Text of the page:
A groundbreaking report from the Consumer Policy Research Centre (CPRC) has found that over half (54%) of all Victorians who bought used or new car in the past five years experienced major or minor faults with their vehicle, and that getting a fix takes too much time, money, and frustration.
The report “Detours and roadblocks: The consumer experience of fixing faulty cars in Victoria” commissioned by Consumer Action Law Centre, is the most thorough and forensic examination of the user experience of a faulty car ever undertaken in Victoria.
CPRC surveyed 1006 people, 503 who had purchased a new car and 503 who had purchased a used car in the past five years. Consumer Action’s interest in the difficulties being faced by survey respondents follow from its long-running campaign to help people with a faulty or ‘lemon’ car to get it fixed in a timely and cost-effective way.
“This report shines a laser-beam on the massive problems caused by lemon cars in Victoria and reveals with breathtaking clarity, the scale and extent of what it means for countless thousands of individuals and families to be lumbered with a lemon car,” said Stephanie Tonkin, CEO Consumer Action Law Centre.
Ms Tonkin said she particularly welcomed the solutions proposed in the report that could significantly improve protections for consumers who buy faulty cars.
“For years, Consumer Action has been saying we need to fix how we deal with car disputes. It shouldn’t be costing people years of their lives and thousands of dollars to get what they are owed under the law, and people shouldn’t be forced to drive or sell unsafe cars,” she said.
The report reveals that even for a straightforward case, the consumer has to take more than 60 steps to try resolve a matter after they discover a fault in their car. Very few people actually get that far – only 15% of people with used car even made it to the Victorian Civil and Administrative Tribunal (VCAT), and 93% of those who went to the Tribunal needed some kind of help.
In a single case, it cost Consumer Action $33,000 to enforce rights in relation to a car that cost less than half that.
“It’s long past the time for the government to shift the burden away from consumers, and on to car dealers to do the right thing,” Ms Tonkin said.
People need cars to get to work, to school, and to doctors – the impacts of a defective car reverberate throughout people’s lives. The report found that defective cars had adverse impacts on 31% of people’s work and 28% of respondents’ family life.
“Those effects are compounded for people who already face challenges: those living in regional and rural communities, First Nations people, and people facing mental health challenges or experiencing family violence. In one case study, it led to a First Nations single mother being forced to move interstate, with her children put into foster care,” Ms Tonkin said.
A new solution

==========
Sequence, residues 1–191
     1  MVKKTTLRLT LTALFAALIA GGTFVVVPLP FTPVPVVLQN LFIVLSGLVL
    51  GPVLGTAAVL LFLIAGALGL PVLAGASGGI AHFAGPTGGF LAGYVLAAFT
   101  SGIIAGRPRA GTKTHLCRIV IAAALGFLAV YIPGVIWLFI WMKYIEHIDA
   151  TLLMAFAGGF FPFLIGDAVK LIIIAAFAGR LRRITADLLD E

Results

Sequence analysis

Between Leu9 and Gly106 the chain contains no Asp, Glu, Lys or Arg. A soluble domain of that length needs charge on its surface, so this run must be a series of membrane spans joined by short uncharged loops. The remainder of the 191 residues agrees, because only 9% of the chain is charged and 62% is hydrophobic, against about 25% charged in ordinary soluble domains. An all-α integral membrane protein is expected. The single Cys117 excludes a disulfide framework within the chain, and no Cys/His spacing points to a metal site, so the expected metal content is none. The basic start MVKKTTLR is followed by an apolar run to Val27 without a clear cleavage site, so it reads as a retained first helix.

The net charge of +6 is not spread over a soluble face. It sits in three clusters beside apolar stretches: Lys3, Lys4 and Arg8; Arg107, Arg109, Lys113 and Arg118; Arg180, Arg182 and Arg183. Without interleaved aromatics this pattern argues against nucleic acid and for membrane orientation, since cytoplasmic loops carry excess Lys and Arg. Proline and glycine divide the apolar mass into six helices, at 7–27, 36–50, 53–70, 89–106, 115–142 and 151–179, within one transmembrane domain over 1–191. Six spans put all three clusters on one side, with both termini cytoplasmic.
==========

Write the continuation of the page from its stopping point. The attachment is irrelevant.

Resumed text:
The report puts forward a three-step plan, beginning with the urgent need to replace Victoria’s long and complex process with a new dispute resolution scheme to deal with faulty cars, that is fit for purpose and recognises that a functioning car is essential to many people lives.
“The Victorian Government recently said we need a ‘faster, fairer, and cheaper way’ to settle rental disputes, with VCAT as the last resort, not the first stop – and that’s the way car disputes should be resolved, too,” Ms Tonkin said.
Under the current system, dealers have no incentive to fix problems early – at worst, they will have to pay the consumer what they were owed from the start.
“We need make sure car dealers have an incentive to comply with their obligations – the more complaints dealers get, the more they should pay to fund the dispute resolution scheme. Dodgy car dealers shouldn’t get a free ride at the expense of car dealers doing the right thing, and certainly not at the expense of people who need a car to live and work.”
This is what Victorians with lived experience of a lemon car say:
“It’s just wrong, really, that a consumer goes out there and purchases from a caryard that is willing to do the wrong thing by you, and it’s shattering, really … That caryard knows the loopholes, they know that they are going to get away with this, and they keep on doing it. That’s where we need the backup of people who know what we don’t know. We go into something legal like this, we’ve got to chase it up and find it, it’s not there for us”. – Trevor and Michelle
“This dealership was sort of trying to drag it out as long as they could and sort of drain me financially and mentally and emotionally, drain me until I guess until they hoped until I turn around and tell them look, don’t worry about it.” – Damon
“I felt like I couldn’t trust anyone, and I felt like even VCAT, I don’t know what sort of organisation they are, but I felt like even they didn’t have my back. A lot of the time they were asking me questions that made me feel like I was the one that was doing something wrong.” – Damon
“Please, just put in place some legislation and some accountability towards these second-hand caryards, because the people who need it the most who are going to be going to these places so they can afford to buy it, they also need [the car] to work – it’s just a vicious cycle otherwise.” – Ashleigh
Media Contact: Mark Pearce, Media and Communications Adviser, 0413 299 567, firstname.lastname@example.orgCPRC Detours & Roadblocks Report FINAL